One thing that stains the stunning music is its theme. I Robot attempts to engage with the concept of artificial intelligence from a heavily dated perspective. Compared to the current discussions around AI and its partial implementation through algorithms and machine learning, everything pertaining to the concept just seems out of step, however the vocal efforts of the band it comes through are wonderful. Barely a crease to be found beyond its timely blemish. Lastly, I'll end on a musing note. These two never found commercial success in their home town, shipping most their records in Germany, USA and Canada. Its something I find rather curious given how British acts tend to be well known here but the Alan Parsons Project has sadly faded from focus since their retirement over two decades ago.

Rating: 9/10

Wednesday, 5 May 2021

Earth "Earth 2: Special Low Frequency Version" (1993)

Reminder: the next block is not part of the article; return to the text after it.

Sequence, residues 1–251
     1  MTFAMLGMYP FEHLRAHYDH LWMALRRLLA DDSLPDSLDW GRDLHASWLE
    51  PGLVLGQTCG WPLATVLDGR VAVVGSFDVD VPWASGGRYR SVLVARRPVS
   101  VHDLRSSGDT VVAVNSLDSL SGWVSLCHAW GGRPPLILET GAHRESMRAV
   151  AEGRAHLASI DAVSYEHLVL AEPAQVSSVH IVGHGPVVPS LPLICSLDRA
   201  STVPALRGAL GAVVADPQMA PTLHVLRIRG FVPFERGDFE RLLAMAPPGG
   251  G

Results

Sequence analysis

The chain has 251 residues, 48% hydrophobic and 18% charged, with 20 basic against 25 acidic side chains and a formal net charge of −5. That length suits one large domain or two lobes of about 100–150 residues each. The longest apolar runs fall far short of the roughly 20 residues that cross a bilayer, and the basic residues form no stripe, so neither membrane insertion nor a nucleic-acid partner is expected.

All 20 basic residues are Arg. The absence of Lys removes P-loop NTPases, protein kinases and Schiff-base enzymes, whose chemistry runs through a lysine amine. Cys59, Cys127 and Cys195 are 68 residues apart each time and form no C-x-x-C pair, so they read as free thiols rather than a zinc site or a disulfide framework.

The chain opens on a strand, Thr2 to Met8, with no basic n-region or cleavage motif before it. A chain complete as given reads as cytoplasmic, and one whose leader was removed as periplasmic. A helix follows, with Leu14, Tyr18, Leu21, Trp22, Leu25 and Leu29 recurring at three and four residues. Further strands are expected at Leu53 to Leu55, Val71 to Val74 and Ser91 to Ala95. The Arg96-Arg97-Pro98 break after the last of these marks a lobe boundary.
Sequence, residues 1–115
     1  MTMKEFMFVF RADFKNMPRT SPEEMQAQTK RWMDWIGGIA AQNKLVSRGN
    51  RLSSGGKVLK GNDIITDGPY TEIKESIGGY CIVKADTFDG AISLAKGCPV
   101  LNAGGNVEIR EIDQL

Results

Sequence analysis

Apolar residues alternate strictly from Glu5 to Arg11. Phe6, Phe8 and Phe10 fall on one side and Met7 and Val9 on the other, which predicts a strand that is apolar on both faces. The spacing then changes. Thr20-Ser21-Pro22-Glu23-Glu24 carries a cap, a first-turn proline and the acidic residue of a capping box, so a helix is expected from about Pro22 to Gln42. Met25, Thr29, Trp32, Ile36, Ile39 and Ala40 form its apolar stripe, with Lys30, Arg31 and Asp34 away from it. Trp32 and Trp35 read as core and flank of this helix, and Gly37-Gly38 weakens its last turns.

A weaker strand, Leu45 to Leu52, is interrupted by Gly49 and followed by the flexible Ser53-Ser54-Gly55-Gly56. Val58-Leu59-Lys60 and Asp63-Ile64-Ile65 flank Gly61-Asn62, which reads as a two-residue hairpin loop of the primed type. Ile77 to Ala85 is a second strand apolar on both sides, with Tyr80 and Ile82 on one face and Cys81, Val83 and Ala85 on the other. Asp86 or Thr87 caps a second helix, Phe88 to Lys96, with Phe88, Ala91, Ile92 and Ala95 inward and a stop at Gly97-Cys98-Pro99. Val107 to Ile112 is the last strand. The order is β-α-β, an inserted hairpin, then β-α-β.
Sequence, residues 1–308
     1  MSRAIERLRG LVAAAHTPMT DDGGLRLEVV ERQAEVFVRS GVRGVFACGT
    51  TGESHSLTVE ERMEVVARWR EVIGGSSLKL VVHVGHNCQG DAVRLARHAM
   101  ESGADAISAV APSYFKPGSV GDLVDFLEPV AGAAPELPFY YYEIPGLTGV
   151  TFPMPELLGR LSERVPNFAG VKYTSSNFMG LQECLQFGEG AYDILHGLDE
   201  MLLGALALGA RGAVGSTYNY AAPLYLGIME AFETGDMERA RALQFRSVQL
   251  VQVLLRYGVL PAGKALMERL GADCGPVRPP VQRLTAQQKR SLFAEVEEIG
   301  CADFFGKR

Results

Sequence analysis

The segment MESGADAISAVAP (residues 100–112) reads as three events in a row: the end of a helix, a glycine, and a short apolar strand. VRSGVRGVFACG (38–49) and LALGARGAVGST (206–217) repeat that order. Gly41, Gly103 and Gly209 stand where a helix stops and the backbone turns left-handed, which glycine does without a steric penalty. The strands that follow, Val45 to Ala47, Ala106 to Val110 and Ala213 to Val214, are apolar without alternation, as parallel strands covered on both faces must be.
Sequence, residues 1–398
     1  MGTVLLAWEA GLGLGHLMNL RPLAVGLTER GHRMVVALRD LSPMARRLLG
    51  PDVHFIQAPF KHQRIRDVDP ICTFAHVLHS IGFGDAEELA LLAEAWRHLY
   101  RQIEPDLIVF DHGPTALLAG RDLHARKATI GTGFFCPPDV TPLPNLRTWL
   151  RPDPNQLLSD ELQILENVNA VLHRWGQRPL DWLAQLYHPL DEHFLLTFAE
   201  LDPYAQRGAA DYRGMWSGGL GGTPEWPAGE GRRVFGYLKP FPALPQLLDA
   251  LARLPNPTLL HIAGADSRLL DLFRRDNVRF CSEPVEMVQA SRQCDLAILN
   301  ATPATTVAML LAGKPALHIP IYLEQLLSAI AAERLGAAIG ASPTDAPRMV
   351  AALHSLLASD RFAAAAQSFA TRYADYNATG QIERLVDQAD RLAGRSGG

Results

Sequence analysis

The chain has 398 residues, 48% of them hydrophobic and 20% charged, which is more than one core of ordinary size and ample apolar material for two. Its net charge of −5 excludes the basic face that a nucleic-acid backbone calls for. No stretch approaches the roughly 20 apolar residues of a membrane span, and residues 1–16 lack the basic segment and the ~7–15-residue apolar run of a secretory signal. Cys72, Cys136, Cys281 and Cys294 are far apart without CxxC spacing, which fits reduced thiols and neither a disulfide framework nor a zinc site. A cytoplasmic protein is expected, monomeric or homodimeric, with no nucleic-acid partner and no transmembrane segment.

A recent revival of Hibernaculum and The Bees Made Honey had me curious about their pre-reformation works that had been heaped with praise. As a curious teenage enthusiast, this record had left me dumbfounded to what the fuss was about. Now, with open mind and ears I find myself with a similar sentiment, although context may play a roll given what this anomaly may have meant to listeners back in the nineties.

With three gargantuan songs totally seventy three minutes, Earth 2 strikes me as more of a singular experiment in tone than anything structured, planned or even designed. This is Drone Metal resembling very little of Metal and much of the drone one might associate with engine noises and electronic buzzing. The entire musical piece is a wash with the dense, drowning, fuzzy flood of guitar distortion cycled with amp feedback to muzzle anything that happens to wander across its bleak path.